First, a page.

Public Policy

How To Make Your Government Affairs Committee Work

ACCE Webmaster on Friday, October 24, 2008 at 6:53:00 pm

Lumachi_2 Advocacy Advice from Shaun Lumachi

If I were ever to write a love story about the chamber of commerce industry, the protagonist would be a chamber of commerce committee. We love committees. It is the way we build consensus, get the work done, and create results. The opening paragraph of an 1884 article in the New York Times is a great example of our enduring love affair with committees:


The late inventor and General Motors Corporation's research chief Charles F. Kettering once quipped, “if you want to kill any idea in the world, get a committee working on it.†For all the disadvantages of a chamber of commerce committee, it is the process we know and use to get things done.  So, the following is a check list of what you should know, at a minimum, about starting or fine-tuning your action-oriented government affairs committee (GAC).

1) Control demand by constricting supply. Your GAC should have a limited amount of participation. I recommend no less than eight voting members and no more than twenty-one. Size of the committee should only be determined based upon demand; if you can secure twenty one active voting participants no matter the size of your chamber then seat twenty one. However, if you can only get eight, then go with eight. The bottom-line: do not dilute the value of the GAC by opening it up to every person in the world. Increase the GAC’s perceived value by limiting the supply of voting seats in order to maintain the demand for participation.

2) GAC members should be the best in your community. When forming GAC’s I always start off with this question: what business person in your community would be impossible to get to serve on a committee but if they agreed to serve would be the absolute best? Use a litmus test when deciding if they are the best: can they invest money; are they politically active or are they politically connected; do they understand the issues; and are they committed to being proactive; do they understand what is important to business? The bottom-line: get the best in the room. Do whatever it takes to get them in the room. Keep antagonists out of the room and build the committee on an environment of being proactive. Attract GAC members who sign the front of paychecks and do not seat elected officials and their representatives as voting members.

3) Results keep people in the room. The single problem chamber’s ask me to help solve is how do we keep volunteers engaged and active. In other words, how do we keep volunteers in the room? My answer: what advocacy issue did you accomplish recently? Nothing? Then why would anyone want to be a part of your government affairs effort! Your GAC meetings must be action orientated, not report oriented. Every agenda item must propose a taking a position on something. Simply bringing people together to hear reports from elected officials or reports on the latest and greatest is not enough. The bottom-line: you keep people engaged when you give them something to rally behind. Be action oriented so they understand that each month they are a part of making a decision on something that will impact your business community.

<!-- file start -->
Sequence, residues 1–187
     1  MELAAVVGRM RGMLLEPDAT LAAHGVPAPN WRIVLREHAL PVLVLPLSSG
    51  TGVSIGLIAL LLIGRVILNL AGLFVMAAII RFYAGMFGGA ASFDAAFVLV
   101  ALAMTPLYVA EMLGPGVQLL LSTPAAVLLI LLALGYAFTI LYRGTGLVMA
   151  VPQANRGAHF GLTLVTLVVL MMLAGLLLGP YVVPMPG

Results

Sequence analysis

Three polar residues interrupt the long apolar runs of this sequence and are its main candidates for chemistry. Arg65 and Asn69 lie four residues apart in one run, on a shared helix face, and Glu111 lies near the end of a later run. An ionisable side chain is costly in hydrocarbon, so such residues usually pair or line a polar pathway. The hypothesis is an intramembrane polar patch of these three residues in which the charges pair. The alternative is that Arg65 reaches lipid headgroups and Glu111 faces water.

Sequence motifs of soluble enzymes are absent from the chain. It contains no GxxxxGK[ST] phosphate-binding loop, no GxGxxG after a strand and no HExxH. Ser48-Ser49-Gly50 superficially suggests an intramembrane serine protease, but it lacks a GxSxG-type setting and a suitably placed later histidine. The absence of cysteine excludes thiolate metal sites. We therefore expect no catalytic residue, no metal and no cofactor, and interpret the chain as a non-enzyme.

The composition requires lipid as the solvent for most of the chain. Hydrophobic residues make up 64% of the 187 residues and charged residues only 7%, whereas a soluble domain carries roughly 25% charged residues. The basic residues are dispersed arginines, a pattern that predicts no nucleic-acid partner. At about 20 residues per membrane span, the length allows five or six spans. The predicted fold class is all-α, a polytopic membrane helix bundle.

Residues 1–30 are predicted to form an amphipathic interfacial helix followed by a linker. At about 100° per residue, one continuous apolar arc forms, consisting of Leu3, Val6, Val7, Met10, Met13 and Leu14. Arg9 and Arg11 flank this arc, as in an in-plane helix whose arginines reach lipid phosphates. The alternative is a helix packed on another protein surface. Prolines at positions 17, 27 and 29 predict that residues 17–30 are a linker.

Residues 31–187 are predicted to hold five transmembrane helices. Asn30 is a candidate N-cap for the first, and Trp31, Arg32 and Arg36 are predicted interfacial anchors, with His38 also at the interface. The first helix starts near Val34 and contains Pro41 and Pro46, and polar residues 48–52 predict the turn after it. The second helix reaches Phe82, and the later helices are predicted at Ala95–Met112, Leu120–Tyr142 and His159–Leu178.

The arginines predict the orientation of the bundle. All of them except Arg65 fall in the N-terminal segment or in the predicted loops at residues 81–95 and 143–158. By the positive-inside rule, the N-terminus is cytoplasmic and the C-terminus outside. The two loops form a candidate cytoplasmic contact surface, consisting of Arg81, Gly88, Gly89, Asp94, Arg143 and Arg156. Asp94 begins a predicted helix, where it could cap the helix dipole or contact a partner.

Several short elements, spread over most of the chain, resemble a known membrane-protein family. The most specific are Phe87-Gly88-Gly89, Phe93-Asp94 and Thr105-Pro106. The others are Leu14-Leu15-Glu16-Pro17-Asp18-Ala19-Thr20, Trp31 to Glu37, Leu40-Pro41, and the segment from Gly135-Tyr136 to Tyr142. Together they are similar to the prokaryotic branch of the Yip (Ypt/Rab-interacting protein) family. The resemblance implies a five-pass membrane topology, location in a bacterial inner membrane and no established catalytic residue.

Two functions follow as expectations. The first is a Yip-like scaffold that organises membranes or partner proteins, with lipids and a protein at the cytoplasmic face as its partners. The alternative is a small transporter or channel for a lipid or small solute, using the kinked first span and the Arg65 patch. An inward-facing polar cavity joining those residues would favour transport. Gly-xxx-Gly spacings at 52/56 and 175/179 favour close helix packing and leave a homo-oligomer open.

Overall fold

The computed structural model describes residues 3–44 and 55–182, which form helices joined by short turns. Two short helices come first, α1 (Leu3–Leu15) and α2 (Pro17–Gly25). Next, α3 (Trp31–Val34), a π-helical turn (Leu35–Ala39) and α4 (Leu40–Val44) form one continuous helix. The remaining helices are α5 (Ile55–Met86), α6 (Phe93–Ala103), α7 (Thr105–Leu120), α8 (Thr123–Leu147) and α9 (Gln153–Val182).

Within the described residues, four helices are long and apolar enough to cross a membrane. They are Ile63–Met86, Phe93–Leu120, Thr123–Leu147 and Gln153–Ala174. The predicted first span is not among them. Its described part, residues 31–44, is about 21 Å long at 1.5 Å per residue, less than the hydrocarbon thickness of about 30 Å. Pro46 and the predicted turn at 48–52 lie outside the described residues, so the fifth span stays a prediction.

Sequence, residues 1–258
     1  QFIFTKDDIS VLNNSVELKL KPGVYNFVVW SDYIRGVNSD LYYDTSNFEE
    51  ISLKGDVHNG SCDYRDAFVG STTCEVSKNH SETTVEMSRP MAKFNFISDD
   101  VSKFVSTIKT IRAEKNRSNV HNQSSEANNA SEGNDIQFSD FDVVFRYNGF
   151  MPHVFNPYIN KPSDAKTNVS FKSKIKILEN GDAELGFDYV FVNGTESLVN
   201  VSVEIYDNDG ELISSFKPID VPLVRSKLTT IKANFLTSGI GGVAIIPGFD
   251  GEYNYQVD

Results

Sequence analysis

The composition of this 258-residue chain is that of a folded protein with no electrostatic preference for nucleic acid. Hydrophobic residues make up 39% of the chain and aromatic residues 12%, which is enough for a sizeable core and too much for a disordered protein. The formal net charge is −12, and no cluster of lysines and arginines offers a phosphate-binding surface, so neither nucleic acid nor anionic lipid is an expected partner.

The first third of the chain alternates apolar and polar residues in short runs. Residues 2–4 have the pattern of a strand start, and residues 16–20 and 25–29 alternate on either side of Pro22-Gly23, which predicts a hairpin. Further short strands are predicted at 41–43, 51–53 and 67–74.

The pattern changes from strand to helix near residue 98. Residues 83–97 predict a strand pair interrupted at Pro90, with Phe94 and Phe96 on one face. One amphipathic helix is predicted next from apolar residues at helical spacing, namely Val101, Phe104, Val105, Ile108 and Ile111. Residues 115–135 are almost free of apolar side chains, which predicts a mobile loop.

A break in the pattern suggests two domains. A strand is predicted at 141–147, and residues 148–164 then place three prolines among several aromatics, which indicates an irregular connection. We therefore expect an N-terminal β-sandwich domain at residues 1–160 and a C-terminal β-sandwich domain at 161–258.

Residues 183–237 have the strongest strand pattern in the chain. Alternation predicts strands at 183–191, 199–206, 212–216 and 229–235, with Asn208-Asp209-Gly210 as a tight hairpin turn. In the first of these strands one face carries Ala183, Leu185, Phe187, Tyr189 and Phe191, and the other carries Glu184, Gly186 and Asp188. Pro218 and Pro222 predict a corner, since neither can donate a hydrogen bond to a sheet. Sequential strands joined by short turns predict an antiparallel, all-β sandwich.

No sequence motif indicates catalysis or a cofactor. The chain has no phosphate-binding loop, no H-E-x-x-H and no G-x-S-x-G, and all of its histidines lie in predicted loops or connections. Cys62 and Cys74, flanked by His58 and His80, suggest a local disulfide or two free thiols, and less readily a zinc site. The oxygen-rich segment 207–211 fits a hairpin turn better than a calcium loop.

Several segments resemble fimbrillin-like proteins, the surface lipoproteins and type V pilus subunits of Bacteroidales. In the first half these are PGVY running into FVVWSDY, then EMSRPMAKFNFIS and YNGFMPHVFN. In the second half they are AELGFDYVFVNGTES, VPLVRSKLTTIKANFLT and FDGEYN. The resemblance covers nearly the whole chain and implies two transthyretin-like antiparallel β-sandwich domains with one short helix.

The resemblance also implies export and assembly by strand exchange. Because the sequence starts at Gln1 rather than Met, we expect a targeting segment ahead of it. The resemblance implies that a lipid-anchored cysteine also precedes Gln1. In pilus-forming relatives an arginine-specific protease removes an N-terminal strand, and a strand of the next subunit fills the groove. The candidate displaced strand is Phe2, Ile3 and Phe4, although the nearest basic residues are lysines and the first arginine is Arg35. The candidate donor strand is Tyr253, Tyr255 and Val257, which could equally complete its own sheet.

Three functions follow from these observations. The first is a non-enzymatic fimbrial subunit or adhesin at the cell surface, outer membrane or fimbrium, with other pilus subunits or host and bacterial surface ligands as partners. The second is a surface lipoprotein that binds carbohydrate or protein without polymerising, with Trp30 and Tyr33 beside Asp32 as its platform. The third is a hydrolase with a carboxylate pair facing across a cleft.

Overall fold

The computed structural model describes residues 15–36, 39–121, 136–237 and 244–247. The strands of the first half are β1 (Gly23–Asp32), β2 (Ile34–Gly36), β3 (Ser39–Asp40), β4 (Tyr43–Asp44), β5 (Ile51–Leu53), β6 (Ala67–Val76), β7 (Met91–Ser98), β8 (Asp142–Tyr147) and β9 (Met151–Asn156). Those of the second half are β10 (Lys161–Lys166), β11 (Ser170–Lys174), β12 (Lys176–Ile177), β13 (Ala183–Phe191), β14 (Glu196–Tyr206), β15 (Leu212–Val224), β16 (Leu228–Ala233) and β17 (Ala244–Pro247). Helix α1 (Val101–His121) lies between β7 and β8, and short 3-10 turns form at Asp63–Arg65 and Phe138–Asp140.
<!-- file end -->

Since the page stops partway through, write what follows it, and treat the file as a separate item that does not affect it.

4) Your GAC agenda must adhere to the ethic of reciprocity. Confucius would say it another way, "Never impose a GAC agenda on others what you would not what for yourself." I recently received an emailed meeting agenda from a prominent regional government affairs organization (not a client of mine). The agenda was send the day before the meeting and included twenty-two attachments. Yes, 22 attachments. Do you have the time to read through 22 attachments of information? Who has that kind of time? I don’t. So I deleted the email and never attended the meeting. The bottom-line: every advocacy decision starts with a well prepared agenda. Combine all of your information into one document and summarize as much as you can. The key here is information management, not information overload.

5) Your effectiveness is in direct proportion to your efficiency. Your GAC’s justification for even existing is because it is effective. To be effective, you can’t bog down your process in bureaucracy on every single issue. Therefore, any decision that GAC makes must end at GAC, not your chamber board executive committee and then the full board of directors. The board must empower its GAC to take positions on issues that align with a board-approved platform of issues. If an issue does not align then the board must act.  However, the platform of issues should be flexible enough to limit issues from making it to the board for consideration. The GAC should be a work horse and not a recommending body. Update the board accordingly on GAC positions but do not put the GAC in a position of being strangled from reaching the point of action because “that decision needs to go to the board at its next meeting 5 weeks from now.†The bottom-line: your GAC must be the final voice on the issues so you can act smart and fast.

In the context of building your chamber’s government affairs program, a government affairs committee (GAC) should be the cornerstone of your chamber’s advocacy efforts. Most importantly, it is where the ideas begin and end in representing the interests of your members with government.

Shaun Lumachi is President of Chamber Advocacy, a professional consulting firm that builds and maintains results-oriented government affairs programs for chambers of commerce.

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